Heritage trail for festival
A MONTH-long series of events celebrating African history is set to get underway on Monday.The annual African History Month will see events ranging from lectures to theatre productions, comedy, music and workshops.
A MONTH-long series of events celebrating African history is set to get underway on Monday.
The annual African History Month will see events ranging from lectures to theatre productions, comedy, music and workshops. HELEN JOHNS looks ahead to what will be happening this year.
A cultural festival which is now an essential part of Ipswich's events calendar, is now in its fifth year.
African History Month sees a series of shows, exhibitions and more, to encourage people to learn about all aspects of African history - and the role it has played in shaping the past and it's influences on our present and future.
The Evening Star has always supported these events, including running a Stamp Out Racism campaign.
Ipswich is just one of many places around the world that celebrates African History Month and events will be happening around the globe during the next month. In Ipswich, the events are co-ordinated by the Nia Project, an organisation set up to teach people about the place of black people in Ipswich's history.
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Del White spokeswoman for the Nia Project, said African History Month has been designed to attract people from all parts of Suffolk: “We like to think we have the month in Suffolk because we have such a diverse community.
“There is not one event that is exclusive to black people, every event that is listed is for people to come and experience. It is like a festival, but one that has specific look at African culture and history, it is not an offering just for one group of the community.”
The theme for this year's month has been called B4We - which has been designed to encourage people to think about others who have gone before us, people we are surrounded by and others who are yet to come.
The Ipswich celebrations will begin on Monday with the annual Nia Memorial Lecture, which will take place at the New Wolsey Theatre.
Started as a tribute to the murdered teenager Stephen Lawrence, the lecture has featured a variety of speakers over the years and has sought to recognise the talents and success of people who, unlike Stephen, have been able to live out their ambitions.
Guest speaker this year will be newspaper editor Michael Eboda, who will speak about the impact the press can have when used to advocate social justice.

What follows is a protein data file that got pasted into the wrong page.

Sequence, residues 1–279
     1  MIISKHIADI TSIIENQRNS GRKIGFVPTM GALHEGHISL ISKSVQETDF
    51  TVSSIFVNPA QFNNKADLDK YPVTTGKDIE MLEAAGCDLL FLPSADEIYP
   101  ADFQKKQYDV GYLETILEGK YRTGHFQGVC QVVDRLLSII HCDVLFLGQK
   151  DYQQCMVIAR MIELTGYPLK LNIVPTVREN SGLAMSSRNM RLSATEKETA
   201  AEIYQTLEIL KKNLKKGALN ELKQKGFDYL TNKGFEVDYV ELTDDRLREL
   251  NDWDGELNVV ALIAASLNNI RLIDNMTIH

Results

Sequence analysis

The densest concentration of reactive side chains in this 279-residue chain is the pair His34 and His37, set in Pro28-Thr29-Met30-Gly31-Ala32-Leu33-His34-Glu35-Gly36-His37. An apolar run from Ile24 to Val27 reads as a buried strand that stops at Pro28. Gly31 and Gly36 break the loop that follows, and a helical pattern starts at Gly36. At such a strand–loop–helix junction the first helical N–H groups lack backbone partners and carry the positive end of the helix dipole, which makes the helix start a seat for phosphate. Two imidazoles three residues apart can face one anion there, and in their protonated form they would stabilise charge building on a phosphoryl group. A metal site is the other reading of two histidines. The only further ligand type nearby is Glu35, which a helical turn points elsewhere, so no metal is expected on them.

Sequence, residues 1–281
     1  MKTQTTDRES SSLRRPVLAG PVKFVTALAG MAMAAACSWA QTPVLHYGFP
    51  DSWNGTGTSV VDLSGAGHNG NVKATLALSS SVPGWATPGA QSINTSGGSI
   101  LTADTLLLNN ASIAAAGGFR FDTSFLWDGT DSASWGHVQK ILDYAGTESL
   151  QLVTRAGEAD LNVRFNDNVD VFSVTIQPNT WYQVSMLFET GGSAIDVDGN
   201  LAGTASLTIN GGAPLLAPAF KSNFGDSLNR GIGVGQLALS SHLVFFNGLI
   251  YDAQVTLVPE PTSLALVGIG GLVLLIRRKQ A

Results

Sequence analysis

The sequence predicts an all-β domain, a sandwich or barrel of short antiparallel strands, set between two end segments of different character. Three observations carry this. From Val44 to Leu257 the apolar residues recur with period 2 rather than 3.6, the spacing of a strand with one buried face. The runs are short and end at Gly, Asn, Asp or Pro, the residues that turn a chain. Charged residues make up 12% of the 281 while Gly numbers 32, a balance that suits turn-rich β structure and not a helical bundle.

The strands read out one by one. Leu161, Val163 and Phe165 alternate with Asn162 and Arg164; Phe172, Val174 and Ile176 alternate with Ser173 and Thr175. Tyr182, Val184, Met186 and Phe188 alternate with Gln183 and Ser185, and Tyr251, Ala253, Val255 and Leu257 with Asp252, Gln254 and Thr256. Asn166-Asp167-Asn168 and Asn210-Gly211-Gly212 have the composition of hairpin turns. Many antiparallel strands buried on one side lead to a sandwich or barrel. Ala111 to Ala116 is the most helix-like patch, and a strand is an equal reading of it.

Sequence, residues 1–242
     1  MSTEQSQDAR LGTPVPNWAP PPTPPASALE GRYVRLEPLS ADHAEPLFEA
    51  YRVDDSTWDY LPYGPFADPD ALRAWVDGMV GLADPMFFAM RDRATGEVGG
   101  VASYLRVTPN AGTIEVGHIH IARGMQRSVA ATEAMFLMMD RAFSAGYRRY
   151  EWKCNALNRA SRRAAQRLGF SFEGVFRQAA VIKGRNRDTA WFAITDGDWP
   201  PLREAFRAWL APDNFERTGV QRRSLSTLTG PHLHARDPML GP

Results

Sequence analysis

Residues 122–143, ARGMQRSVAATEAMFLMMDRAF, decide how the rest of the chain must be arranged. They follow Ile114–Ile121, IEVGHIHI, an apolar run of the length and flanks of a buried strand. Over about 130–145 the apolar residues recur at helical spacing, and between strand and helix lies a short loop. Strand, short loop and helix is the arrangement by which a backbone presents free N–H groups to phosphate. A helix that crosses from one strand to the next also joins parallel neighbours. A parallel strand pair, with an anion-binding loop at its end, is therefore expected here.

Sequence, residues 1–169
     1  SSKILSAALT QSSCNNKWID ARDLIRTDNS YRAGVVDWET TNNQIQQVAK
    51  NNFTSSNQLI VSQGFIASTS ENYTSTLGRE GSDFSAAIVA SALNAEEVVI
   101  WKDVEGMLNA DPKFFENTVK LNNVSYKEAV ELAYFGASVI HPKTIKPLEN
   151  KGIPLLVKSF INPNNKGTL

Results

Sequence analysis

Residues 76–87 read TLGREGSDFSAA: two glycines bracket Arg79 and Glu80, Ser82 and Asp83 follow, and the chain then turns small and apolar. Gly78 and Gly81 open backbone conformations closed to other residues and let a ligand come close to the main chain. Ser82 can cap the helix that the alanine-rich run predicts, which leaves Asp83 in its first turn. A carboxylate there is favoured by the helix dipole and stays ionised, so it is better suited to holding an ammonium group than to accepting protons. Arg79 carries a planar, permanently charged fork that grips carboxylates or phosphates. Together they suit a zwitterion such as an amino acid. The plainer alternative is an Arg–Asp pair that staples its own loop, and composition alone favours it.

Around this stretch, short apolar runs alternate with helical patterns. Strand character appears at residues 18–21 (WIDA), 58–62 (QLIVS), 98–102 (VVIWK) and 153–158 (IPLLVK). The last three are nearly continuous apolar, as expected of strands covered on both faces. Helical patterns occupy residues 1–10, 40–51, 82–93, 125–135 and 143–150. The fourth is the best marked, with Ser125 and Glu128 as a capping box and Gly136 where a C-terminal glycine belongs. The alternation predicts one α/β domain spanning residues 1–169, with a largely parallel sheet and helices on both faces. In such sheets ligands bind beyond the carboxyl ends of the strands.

Artist Anna Mudeka and poet Adisa will also be at the lecture, along with a performance by gospel singer Emma Johnson.
While the lecture will only happen once, other things will be taking place throughout October, such as the African Heritage Trail.
The first of its kind in East Anglia, the trail is designed to be a chance to find out more about the historical and contemporary connection of Ipswich with Africa. Two-hour walks will be held each Monday and Saturday throughout October and will leave from the Tourist Information Centre in St Stephens Lane.
Two exhibitions will be held throughout October, one is a display of African art and artefacts in Ipswich Central Library and the other is the ICE Project, which will be on show at Ipswich Museum.
The ICE Project focuses on migration from the Caribbean to Ipswich during the 1950s and sixties and uses interactive records and people's memories of that time.
Other exhibitions held at different times during the month will include poetry on display in specialist black hair salons in Ipswich and a collaboration between Suffolk Constabulary and the Sankofa Youth Group focusing on the role of black police officers that will be on show at Tower Ramparts Mall and Endeavour House.
Drama, music and comedy will all play their parts in the month and will start with comedy night Mek Mi Laugh at the New Wolsey on October 1, will move through to music with the Missile Family and Jamaican performer Stone Love at Zest Nightclub and African singer Anna Mudeka at the Old Hall Chapel in East Bergholt, both on October 6.
Other musical performances will include Jazz Jamaica at the New Wolsey on October 15, Gospel Power Praise at the Ipswich International Church on October 27 and a music and dance workshop at Palace House Mews in Newmarket on October 27.
Dramtic performances include the hardhitting play Township Stories at the New Wolsey from October 10 and a poetry evening at The Sanctuary Café in Cutler Street on October 20.
The chance to explore African ancestory will be on offer at the Ipswich Record Office on October 14 and a lecture looking at the controversial Black Panther movement of the 1960s will be held at Ipswich Central Library on October 11.
The events will come to an end on November 25 with a Black Books and Craft Fair at Ipswich Town Hall.
For more information about African History Month contact the Nia Project on 01473 221715.
The roots of African History Month date back to 1926 when Dr Carter G Woodson, an African American author and scholar established Negro History Week, which later evolved into the establishment in 1976 of Black History Month.
A JAMAICAN woman called Amelia Bowman was the head cook at Christchurch Mansion during the 1870s, and the African Heritage Trail walks will end there in her memory, with tea and cakes in the mansion's parlour.